On the basis of the present invention, it is also possible to make a number of integrated optical circuit elements such as the light deflector shown in FIG. 1 at a time and thereby greatly reduce the unit cost of the elements. In such case, a mask on which a number of diffraction grating patterns or electrode patterns are arranged may be prepared or the patterns of the mask may be repetitively exposed at different locations on the substrate as by a stepper and a process similar to what has been described may be executed to thereby form a plurality of integrated optical circuit elements on the same substrate, and the individual elements may be cut to predetermined dimensions as by a disco cutter.
Some embodiments of the present invention will be shown below.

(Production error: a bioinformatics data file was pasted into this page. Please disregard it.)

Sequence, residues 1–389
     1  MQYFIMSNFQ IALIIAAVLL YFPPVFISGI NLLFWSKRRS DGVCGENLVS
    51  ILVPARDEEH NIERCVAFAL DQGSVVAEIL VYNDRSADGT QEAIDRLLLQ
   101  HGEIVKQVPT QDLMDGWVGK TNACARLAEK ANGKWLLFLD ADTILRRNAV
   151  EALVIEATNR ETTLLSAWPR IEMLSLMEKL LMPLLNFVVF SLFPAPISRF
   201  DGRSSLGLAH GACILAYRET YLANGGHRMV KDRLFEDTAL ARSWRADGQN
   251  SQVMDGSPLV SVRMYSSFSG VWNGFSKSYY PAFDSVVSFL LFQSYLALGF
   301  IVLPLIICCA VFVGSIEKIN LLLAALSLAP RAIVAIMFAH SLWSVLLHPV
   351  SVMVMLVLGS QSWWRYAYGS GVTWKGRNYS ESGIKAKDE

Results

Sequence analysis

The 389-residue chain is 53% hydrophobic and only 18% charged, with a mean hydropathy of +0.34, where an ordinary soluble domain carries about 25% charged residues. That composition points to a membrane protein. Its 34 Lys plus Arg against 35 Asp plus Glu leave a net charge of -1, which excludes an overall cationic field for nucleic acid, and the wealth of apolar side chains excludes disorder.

One surface of an x plate (having a thickness of 0.5 mm) of LiNbO3 single crystal having a diameter of 3 inches was polished, and then was subjected to the conventional ultra-sonic washing, and this plate was used as a substrate. The direction in which light is propagated was defined as y-direction, and fifty integrated optical circuit elements each having a dimension of 12 mm in y-direction and a dimension of 6 mm in z-direction were made in an LiNbO3 wafer at a time. A pair of photocouplers for introducing light and leading out light, respectively, were made in each of the integrated optical circuit elements at a time during the making of a wave guide. A window of 3 mm×3 mm for passing light therethrough to the portion forming the photocouplers was preformed as a Cr blank on a glass plate formed with a Cr film, this plate was overlaid as a mask on the substrate, two parallel light beams divided from an Ar laser light source were overlapped with each other at an angle of 52°, and a grating of pitch 0.42 μm was exposed in photoresist (having a thickness of 2000 Å) applied to the entire surface of the LiNbO3 substrate by a spinner, whereafter the photoresist was developed by AZ developing liquid, whereby a grating comprising the photoresist was formed.